A final spring skiing spree in the mountains remains the much-hyped and traditional way for Norwegians to spend their long Easter holidays. Climate researchers predict, however, that by 2030, there won’t be any snow for skiing even in some of the most popular areas of the mountains of southern Norway.
“Good skiing conditions will be the exception, not the rule, in around 20 to 30 years,” Eystein Jansen, a climate researcher and professor of geology at the University of Bergen, told Norwegian Broadcasting (NRK). “We’ll probably have to go to areas well over 1,000 meters in elevation to find snow, or start spending our Easter holidays in Northern Norway.”
A lack of snow was already painfully evident this year at several ski resorts in southern Norway, some of which have been suffering financial problems as a result. With Easter coming late, some of the most traditionally popular ski resorts in Western Norway couldn’t remain open for Easter skiers because there simply was no snow and temperatures were much too warm to make any artificial snow.
Among them was Kvamskogen, around an hour’s drive from Bergen. It’s been a favourite Easter destination for generations of West Coast residents, and lots of investment has been made there in ski lifts, lodges, cabins and other winter sports facilities for tourists. “It’s not unusual with a meter of snow here at Easter,” Trygve Holmefjord, who owns one of the many hytter (holiday cabins) in the area. This year, though, there was only a few patches of snow on the otherwise bare ski slopes. “I’ve never seen anything like it in the 30 years we’ve had a place here,” Holmefjord said. “We’ll be spending our time indoors this year, with card games and board games instead.”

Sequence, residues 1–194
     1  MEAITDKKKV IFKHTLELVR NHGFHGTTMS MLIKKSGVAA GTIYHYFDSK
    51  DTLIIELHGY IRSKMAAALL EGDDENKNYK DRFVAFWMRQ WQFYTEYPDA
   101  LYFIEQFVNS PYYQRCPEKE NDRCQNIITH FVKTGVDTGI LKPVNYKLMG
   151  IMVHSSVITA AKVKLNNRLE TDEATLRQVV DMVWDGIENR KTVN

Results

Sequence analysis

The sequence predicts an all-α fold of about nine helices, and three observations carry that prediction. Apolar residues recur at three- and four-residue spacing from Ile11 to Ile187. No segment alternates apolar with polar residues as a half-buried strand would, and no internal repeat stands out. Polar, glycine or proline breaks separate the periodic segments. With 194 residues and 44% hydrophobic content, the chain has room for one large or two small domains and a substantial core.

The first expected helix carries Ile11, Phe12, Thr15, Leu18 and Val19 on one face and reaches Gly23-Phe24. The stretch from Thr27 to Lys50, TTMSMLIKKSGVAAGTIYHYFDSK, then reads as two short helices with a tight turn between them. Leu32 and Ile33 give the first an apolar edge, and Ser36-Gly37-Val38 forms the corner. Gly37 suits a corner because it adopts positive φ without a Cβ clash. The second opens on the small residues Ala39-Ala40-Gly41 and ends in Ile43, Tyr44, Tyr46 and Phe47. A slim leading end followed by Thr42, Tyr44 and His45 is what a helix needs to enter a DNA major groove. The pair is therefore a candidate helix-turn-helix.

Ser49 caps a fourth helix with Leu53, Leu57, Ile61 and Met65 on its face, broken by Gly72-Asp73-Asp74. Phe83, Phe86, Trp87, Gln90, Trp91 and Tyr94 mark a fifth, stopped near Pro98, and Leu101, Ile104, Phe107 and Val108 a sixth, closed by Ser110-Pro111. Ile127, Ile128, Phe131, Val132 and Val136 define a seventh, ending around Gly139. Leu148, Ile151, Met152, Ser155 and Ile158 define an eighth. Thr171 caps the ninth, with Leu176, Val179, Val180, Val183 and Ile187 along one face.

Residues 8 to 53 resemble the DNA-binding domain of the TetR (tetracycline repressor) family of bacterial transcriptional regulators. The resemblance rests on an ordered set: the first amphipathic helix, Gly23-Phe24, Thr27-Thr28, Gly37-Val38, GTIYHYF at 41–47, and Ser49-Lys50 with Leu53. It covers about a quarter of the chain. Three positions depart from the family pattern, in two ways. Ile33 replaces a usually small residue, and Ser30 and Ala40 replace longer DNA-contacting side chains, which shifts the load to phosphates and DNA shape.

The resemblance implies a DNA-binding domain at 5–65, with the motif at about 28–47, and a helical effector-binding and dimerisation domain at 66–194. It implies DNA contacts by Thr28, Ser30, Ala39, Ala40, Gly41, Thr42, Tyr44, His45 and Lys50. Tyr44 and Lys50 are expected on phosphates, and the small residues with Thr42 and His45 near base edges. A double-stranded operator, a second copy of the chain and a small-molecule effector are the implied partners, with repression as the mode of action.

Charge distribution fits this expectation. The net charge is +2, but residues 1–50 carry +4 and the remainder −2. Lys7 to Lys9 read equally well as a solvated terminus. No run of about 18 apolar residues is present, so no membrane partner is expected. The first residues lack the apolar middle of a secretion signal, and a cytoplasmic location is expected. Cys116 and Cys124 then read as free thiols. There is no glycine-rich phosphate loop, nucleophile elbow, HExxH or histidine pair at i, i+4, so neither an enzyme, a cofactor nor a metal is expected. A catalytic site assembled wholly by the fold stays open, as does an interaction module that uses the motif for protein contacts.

The winter in and around Bergen was characterized this year by mild temperatures and rain just like in Oslo, where the surrounding hills and forests known as marka also had a poor ski season. Newspaper Aftenposten reported earlier this week that the ski season in the eastern hills and forest (Østmarka) officially amounted to only six days based on snow depth needed to prepare ski trails. That compared to 61 days last year and 105 days in 2003.
In Nordmarka, the popular outdoor area bordering Oslo’s north side, the ski season lasted 81 days, down from 124 last year. There have been wide variations from year-to-year over the past two decades, with the ski season lasting just 84 days in 2012 and 54 days in 2007, but the times when skiers could simply expect good ski conditions from November through April or even into May seem to have passed.
“At the end of the last century, you could be almost 100 percent certain that there would be good skiing at places like Kvamskogen,” Jansen told NRK. “But now we see that the warming trend is well underway, and it’s getting warmer year by year.”
The depressing statistics Jansen can show to prove his point come just days after the UN’s special panel on climate change released its most alarming report on global warming ever, and called on countries around the world to immediately take dramatic steps to cut carbon emissions. In Norway, that means cutting back on oil exploration and extraction, moves that can threaten the country’s economy but help “save the planet,” according to environmentalists.
Holmefjord, the disappointed hytte-owner in Kvamskogen, chose to remain optimistic and look on the bright side. “At least we don’t have to shovel snow this year,” he told NRK with a laugh.